2. I have only read (and re-read) the Merlin novels, which I love – when I think of Arthur & Merlin, I think of her characters first. They also of course have a supernatural element. Thornyhold might be a good place to start with her other novels.

    • I think I’ll read the Merlin series after I finish her other novels. I’ll bet she puts a marvelous spin on the Merlin story. Can’t wait – I’d better start cracking on her suspense novels!

  3. I’m so pleased that you have fallen in love with Mary Stewart too. I haven’t read enough yet to pick a favourite, but I’m lining up all of the books I can find so it won’t be too long until I can!

  4. It’s good to see another new Mary Stewart fan! It sounds like you chose a great book to start with. I’ve now read three of her novels (I’ve actually just finished reading Touch Not the Cat) and my favourite so far has definitely been Nine Coaches Waiting.

    • Oooh, I’ll be waiting to see what you thought of Touch Not the Cat. I’m about 2/3 into it and am finding it very gothic and suspenseful and kind of old-fashioned – but I like it!

  5. My favourites are definitely her Arthurian books but I enjoyed Thornyhold not long ago. I read a lot of her books way back in the 1970s and always meant to write to her when she lived in Edinburgh but never did get around to it. I think she lives in Perthshire now but is very old.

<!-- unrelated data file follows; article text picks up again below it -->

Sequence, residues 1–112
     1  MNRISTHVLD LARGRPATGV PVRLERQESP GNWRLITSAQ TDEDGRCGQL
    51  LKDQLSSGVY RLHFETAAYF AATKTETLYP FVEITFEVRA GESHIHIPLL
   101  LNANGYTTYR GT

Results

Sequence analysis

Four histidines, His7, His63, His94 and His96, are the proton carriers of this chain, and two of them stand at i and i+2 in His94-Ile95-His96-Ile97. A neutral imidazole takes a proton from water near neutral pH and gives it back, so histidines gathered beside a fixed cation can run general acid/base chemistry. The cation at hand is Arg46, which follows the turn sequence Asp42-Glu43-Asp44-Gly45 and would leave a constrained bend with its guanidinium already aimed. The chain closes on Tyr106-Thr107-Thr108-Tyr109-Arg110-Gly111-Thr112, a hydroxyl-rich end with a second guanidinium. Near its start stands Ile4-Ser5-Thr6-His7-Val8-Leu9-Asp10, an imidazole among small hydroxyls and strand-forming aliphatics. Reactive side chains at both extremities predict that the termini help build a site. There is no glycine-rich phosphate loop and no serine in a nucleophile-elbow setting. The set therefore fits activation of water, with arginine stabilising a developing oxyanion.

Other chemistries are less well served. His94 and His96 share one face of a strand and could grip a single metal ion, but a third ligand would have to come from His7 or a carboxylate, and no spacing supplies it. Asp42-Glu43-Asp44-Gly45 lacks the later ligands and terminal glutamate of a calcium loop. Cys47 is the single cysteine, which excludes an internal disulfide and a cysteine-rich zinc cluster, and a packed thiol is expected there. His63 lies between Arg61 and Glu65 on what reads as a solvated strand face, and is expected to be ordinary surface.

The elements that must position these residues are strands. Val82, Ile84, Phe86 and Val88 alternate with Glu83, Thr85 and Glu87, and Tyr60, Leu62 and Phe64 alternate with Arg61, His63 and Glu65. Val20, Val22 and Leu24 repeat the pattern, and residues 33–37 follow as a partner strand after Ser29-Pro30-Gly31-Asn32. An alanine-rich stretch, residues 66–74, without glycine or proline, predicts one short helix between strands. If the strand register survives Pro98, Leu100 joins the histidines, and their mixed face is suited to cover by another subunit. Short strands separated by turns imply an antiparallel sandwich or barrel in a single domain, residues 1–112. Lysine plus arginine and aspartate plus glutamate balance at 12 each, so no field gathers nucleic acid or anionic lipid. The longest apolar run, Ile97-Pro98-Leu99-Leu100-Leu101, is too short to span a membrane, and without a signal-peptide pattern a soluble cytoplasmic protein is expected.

• I just read your review of Thornyhold – I hope herbalism and witchcraft are prevalent in her novels because they add an interesting element to them. I think you are right about them being comfort reads so I’ll be sure and intersperse my reading of them with more ‘serious’ books! I’m glad to know she’s still alive – it makes me happy to know she is still among us.

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  9. Nice review. I am an author and MS has been an ifluence on me. I was just checking around the internet to see if she’s still alive. Long before I was published, maybe 12-15 years ago, I wrote to her and she wrote back twice. Very cool! My favourite is by far, The Ivy Tree. I pick up used copies to have on hand to give away!

  10. I’ve loved Mary Stewart’s books since I was a young teenager (I’m 58 now!) and can honestly say I just couldn’t choose a favourite. I’ve re-read them all my life, reading Thornyhold just now, and each book has a new feel every time I read it! She’s a wonderful writer. There’s a lovely interview somewhere on YouTube. She lives in Scotland not that far from me on the banks of a loch in Argyllshire.

    • Just now saw your comment, Fiona! I did watch the YouTube interview and was so charmed by Lady Stewart. It is her 97th birthday this year – amazing and wonderful that she is still around. I hope she is in good health and spirits.

Thank you for reading and commenting.